County has provided mental health services for victims of ’07 fires

After his Fallbrook home was destroyed in the 2007 wildfires, Richard McDonnell realized that his friends didn’t understand his sense of loss, the grieving for destroyed heirlooms or the frustration over the the slow rebuilding process.
Then McDonnell, 63, began attending the weekly group meetings at the Fallbrook Recovery Center, where he met fellow fire survivors.
“There’s a kind of lifeboat mentality,” McDonnell said. “People who have not been through it don’t have a full understanding. When you have other fire survivors, you have this instant rapport.”
The weekly meetings are run by Mental Health Systems Inc., one of three agencies the county has under a contract to provide mental health services for fire victims. The agency’s contract ends this month.
The past year has taken an emotional toll on the 1,646 families who lost their homes in the flames that roared across San Diego County in October 2007.
County officials and those assisting the fire victims have been working not only to help them rebuild their homes but to deal with the range of emotions that come with the process.
The county’s Wildfire Recovery Project has served more than 4,000 people in since the fires, according to a recent report by the San Diego Foundation.
After the fires, the county received a $1.5 million federal grant to provide immediate mental health services for fire victims, said Katie Astor, the county’s project director for wildfire recovery. After that grant ended in April, the county received a $1.3 million grant to provide long-term mental health services that runs until Nov. 21.
A $231,000 grant to two private agencies from the San Diego Foundation will extend some mental health services for several more months, but the program serving Fallbrook, Valley Center and the La Jolla Indian Reservation ends Nov. 21.
Astor said she hopes community members will step in and keep the groups running. McDonnell said he plans to keep his group going in Fallbrook.
“As long as people want to get together, I’m certainly willing to do it,” he said.
The meetings, held at fire recovery centers, deal with issues ranging from insurance to the common stages of grief after a crisis. Astor said much of the mental health focus has been on creating support groups or providing creative outlets for fire victims instead of one-on-one counseling.
“Very few want or need individual counseling),” said Reneé DuVerger, wildlife recovery program director for the Community Research Foundation, whose agency is working with East County fire victims. “They are very proud and independent folks.”
Some sessions have covered helping parents deal with their children’s reactions to the fires and their aftermath, said Rebecca Culjat, program manager for Mental Health Systems’ wildfire recovery project.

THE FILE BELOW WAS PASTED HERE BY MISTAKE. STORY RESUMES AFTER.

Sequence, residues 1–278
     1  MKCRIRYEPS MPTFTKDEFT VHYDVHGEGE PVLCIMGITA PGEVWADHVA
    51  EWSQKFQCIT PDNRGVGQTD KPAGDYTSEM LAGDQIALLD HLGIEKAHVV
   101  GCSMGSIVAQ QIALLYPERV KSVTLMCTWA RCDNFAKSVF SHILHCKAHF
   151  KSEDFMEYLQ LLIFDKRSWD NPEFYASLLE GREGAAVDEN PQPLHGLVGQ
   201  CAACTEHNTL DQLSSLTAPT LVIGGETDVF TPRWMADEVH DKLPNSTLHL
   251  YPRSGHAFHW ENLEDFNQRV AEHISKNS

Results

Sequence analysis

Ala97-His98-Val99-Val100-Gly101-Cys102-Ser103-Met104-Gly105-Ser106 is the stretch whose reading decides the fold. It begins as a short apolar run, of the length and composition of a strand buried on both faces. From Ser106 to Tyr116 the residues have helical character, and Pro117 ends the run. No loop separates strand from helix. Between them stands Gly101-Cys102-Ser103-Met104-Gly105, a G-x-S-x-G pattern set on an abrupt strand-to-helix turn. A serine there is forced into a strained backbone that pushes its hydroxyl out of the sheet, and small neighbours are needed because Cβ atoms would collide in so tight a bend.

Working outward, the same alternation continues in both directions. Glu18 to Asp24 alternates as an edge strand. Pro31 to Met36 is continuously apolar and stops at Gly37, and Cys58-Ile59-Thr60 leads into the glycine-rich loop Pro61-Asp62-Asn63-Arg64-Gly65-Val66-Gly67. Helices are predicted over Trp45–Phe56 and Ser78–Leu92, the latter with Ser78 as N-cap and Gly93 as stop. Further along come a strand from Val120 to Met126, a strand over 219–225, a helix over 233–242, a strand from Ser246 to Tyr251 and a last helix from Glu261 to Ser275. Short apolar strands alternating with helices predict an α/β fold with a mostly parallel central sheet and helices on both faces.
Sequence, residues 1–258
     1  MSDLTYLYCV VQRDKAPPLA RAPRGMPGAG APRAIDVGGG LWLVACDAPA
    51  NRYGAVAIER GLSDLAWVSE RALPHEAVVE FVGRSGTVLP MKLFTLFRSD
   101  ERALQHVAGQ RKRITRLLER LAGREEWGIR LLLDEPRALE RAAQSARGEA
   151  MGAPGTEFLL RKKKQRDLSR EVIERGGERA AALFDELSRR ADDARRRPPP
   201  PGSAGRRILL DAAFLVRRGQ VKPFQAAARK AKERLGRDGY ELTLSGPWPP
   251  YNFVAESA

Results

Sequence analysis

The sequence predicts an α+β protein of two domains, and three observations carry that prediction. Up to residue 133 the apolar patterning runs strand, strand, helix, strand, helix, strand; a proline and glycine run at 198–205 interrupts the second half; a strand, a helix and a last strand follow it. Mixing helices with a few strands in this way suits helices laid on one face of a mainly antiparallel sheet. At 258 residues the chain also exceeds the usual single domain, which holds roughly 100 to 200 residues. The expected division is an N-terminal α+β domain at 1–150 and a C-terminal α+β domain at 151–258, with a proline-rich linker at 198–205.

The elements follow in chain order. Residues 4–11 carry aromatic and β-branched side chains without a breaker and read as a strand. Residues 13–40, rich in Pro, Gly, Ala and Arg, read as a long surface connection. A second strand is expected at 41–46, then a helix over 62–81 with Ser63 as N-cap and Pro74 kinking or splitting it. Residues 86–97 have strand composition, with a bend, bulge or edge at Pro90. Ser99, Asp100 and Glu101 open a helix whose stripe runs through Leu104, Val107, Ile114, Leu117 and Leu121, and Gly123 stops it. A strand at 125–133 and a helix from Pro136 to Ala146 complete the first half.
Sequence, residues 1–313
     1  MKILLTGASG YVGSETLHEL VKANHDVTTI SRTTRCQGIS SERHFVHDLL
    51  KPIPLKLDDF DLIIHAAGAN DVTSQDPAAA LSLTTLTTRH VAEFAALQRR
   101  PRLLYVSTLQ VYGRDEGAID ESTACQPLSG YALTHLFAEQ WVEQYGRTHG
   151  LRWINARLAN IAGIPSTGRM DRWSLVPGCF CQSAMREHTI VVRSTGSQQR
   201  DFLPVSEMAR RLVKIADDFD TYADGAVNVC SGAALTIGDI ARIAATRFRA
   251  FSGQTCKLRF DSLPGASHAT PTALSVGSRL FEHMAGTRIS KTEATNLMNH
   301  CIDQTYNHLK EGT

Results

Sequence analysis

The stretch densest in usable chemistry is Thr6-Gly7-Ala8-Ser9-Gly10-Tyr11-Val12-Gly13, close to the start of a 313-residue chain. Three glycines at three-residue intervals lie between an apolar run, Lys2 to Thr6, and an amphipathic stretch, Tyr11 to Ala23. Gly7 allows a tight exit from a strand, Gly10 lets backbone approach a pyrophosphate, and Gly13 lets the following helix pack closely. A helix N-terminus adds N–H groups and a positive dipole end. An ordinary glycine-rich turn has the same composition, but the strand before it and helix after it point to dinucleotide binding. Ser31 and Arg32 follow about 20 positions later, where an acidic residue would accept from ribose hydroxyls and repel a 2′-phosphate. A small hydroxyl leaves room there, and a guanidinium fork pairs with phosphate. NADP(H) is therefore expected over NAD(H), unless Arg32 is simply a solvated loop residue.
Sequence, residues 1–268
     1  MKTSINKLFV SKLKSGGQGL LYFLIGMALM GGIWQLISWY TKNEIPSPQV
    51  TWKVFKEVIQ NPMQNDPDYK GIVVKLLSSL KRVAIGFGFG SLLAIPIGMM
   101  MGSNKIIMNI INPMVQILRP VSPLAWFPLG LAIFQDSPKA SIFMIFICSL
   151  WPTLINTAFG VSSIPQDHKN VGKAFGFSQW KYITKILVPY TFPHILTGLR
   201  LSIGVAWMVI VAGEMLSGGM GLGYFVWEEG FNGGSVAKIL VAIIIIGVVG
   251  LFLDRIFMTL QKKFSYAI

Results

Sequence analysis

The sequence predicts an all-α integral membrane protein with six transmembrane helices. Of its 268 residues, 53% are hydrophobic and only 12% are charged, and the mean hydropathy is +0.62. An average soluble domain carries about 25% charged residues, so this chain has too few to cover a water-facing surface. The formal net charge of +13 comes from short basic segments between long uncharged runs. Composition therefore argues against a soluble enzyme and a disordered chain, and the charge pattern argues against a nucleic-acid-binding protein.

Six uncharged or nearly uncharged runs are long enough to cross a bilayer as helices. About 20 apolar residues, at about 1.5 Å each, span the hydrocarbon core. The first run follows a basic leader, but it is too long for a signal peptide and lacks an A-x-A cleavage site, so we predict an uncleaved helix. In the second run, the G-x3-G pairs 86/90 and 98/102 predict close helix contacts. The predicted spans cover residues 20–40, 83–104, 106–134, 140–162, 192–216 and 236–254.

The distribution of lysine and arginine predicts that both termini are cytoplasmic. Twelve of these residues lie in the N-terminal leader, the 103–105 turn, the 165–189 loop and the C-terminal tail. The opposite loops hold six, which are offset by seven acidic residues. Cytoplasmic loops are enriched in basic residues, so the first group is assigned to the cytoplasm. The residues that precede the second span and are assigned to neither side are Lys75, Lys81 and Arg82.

“They’re not able to put it in the same context that an adult would,” she said. “How do you talk to a kid and be honest with them without creating anxiety?”
Other agencies also have stepped in, including Jewish Family Services, the Salvation Army and a mentoring program run by United Policyholders, an organization providing insurance information.
Jewish Family Services has been offering six sessions of free counseling to any fire victim. At its peak, the agency had 415 clients who survived the fires; that number is now down to about 170.
Gianna Muir-Robinson, disaster relief coordinator, said counselors have seen clients dealing with marital strife, anxiety or flashbacks since the fires.
Many assisting fire victims learned from the October 2003 fires that people who lose their homes go through a roller coaster of feelings, much like the stages of the grieving process.
Karen Reimus of United Policyholders, who lost her Scripps Ranch home in the Cedar fire, put together a team of about 80 other people who lost homes in that fire to help those whose homes burned in 2007. They talk about practical issues such as dealing with insurance companies, but the connection is much deeper, she said.
“There’s nothing like talking to somebody who’s been there,” Reimus said.
Dawn Hubert, a Crest resident who began helping her neighbors who lost their homes in the 2003 fires, is a Salvation Army employee working with East County residents who lost their homes in the Harris fire.
She said Salvation Army workers have made about three referrals a month for clients who need mental health counseling. Hubert knows from experience that some fire victims will take years to rebuild.
McDonnell, who hopes to have construction of his new house completed by January, said the meetings he has attended have provided practical advice and emotional support.
“It really is pretty comforting and helps you go through whatever it is that you have to go through,” he said.

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Date: June 17, 2024